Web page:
Grouper Buy Sends YouTube Billion-Dollar Buyout Plan Into Overdrive

from the fishing-for-dollars dept

YouTube has already been through one round of the Skype Billion-Dollar Plan, which didn't quite work as the company's CEO talked its takeout price down to $600 million. But it's been resurrected for a second go-round, after Sony yesterday it announced it was buying online video site Grouper for $65 million. Grouper didn't have too many users -- less than 1% market share, according to some figures -- which means YouTube must be worth $1 billion. Wait, make that $2 billion. Some people say this isn't accurate because of the copyright problems a media-company buyout of YouTube could likely bring, but that's a small nit to pick when there's the more fundamental issue that you're talking about billions of dollars for a site that's only just started its attempts to monetize its traffic. But basing a YouTube valuation on the Grouper deal is way off-base: Grouper wasn't bought for its miniscule traffic, but for its technology (as TechCrunch points out after dropping that $2 billion number), which Sony could ostensibly use to distribute content online. While YouTube's attracted a lot of traffic, and offers a cool service, its technology isn't particularly noteworthy, as is evident from the spate of copycats it's spawned. Basing a YouTube valuation on the sale of a fairly fundamentally different company isn't accurate; but somehow it's hard to believe that will matter when YouTube goes to cash that seemingly inevitable big check.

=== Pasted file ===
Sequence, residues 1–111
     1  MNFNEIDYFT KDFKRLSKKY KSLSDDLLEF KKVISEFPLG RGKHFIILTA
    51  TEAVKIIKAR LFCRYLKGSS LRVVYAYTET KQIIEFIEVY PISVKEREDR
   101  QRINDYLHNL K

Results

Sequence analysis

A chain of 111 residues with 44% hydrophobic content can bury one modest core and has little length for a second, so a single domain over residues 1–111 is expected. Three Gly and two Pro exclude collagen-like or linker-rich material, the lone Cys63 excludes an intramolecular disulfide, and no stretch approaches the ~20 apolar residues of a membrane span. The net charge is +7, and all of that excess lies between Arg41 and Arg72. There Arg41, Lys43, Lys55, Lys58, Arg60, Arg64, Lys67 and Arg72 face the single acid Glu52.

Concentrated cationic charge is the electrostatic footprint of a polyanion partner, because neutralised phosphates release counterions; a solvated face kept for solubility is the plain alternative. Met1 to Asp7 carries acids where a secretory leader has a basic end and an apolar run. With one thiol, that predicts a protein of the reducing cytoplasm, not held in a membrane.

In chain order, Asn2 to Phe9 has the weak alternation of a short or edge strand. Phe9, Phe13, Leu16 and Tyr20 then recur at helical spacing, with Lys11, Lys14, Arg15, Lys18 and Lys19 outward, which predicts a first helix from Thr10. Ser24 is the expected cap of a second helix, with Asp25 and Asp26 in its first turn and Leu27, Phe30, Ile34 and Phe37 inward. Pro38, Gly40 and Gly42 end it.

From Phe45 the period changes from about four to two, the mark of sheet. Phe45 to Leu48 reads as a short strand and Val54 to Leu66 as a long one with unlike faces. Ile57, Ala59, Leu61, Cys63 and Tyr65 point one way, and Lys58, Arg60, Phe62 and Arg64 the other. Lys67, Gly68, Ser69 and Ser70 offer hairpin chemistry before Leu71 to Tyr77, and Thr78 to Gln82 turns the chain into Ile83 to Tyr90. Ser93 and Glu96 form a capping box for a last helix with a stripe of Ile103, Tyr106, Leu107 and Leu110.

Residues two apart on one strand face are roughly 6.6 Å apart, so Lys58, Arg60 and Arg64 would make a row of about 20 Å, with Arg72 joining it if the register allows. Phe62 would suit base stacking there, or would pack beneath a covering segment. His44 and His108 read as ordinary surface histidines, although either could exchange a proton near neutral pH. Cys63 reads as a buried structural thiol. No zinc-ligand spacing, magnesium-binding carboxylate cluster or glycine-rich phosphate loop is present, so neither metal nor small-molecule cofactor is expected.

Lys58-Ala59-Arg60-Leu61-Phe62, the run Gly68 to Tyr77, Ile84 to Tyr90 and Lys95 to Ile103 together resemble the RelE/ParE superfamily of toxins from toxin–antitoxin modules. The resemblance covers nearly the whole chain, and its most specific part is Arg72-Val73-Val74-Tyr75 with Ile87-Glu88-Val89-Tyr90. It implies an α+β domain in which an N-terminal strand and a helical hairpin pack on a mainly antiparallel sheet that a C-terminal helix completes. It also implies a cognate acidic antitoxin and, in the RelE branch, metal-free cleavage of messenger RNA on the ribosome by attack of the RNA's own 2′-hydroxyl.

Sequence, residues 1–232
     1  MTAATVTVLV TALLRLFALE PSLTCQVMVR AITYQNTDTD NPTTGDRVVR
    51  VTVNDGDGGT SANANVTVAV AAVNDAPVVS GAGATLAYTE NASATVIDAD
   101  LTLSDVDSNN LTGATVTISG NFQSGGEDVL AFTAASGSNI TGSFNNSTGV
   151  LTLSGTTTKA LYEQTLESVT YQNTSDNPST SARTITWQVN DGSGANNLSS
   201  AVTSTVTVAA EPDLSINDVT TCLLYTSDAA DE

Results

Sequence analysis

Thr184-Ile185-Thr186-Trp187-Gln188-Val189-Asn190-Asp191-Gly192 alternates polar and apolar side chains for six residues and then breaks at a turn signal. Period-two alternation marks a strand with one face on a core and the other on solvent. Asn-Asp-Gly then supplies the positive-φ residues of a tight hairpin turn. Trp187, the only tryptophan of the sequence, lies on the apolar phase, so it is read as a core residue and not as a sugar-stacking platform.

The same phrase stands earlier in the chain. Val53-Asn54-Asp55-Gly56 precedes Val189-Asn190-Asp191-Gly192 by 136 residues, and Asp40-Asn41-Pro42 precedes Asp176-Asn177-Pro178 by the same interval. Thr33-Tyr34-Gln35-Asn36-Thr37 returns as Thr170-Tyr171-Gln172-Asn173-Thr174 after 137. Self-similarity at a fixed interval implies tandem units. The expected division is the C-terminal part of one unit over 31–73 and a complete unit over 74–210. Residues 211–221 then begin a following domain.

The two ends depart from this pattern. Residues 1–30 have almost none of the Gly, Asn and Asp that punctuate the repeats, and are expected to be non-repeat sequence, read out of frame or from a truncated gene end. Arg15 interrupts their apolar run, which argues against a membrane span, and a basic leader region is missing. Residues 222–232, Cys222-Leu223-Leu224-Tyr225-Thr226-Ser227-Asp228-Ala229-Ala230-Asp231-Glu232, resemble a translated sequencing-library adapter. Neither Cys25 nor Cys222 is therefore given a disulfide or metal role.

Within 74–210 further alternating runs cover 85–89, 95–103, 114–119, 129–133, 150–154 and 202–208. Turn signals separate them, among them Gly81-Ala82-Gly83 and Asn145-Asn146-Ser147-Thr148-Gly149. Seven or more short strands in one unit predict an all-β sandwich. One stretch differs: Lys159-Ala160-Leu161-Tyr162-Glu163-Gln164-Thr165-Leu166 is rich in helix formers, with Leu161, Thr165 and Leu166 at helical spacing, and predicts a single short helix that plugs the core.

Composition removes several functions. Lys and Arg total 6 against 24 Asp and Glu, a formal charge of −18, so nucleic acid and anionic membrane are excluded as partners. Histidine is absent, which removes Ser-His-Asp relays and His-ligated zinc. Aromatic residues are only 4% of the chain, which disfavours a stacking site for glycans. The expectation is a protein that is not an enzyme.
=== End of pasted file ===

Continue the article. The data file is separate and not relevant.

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  1. identicon
    Vasco DaGameboy, 24 Aug 2006 @ 9:45am

    I'm amazed

    I understand these non-technical money guys thinking that these brands are worth a billion, but it continues to amaze me that people who have some tech savvy buy into these ridiculous valuations. YouTube is king of the video pile ATM, but there are several serious competitors, not the least of which is Google video, that could easily take a chunk of its market share (or, shall we say, viewer traffic, since YouTube isn't quite a huge cash generator just yet) with a few changes.

    Also, there are so many horror stories about huge white elephant purchases (business.com, anyone?) that you would think money men would have learned to look at old, fuddy-duddy measures such as P&L rather than some phantom number of hits.

    Oh, and weren't we having this same argument about Digg just a week or so ago?

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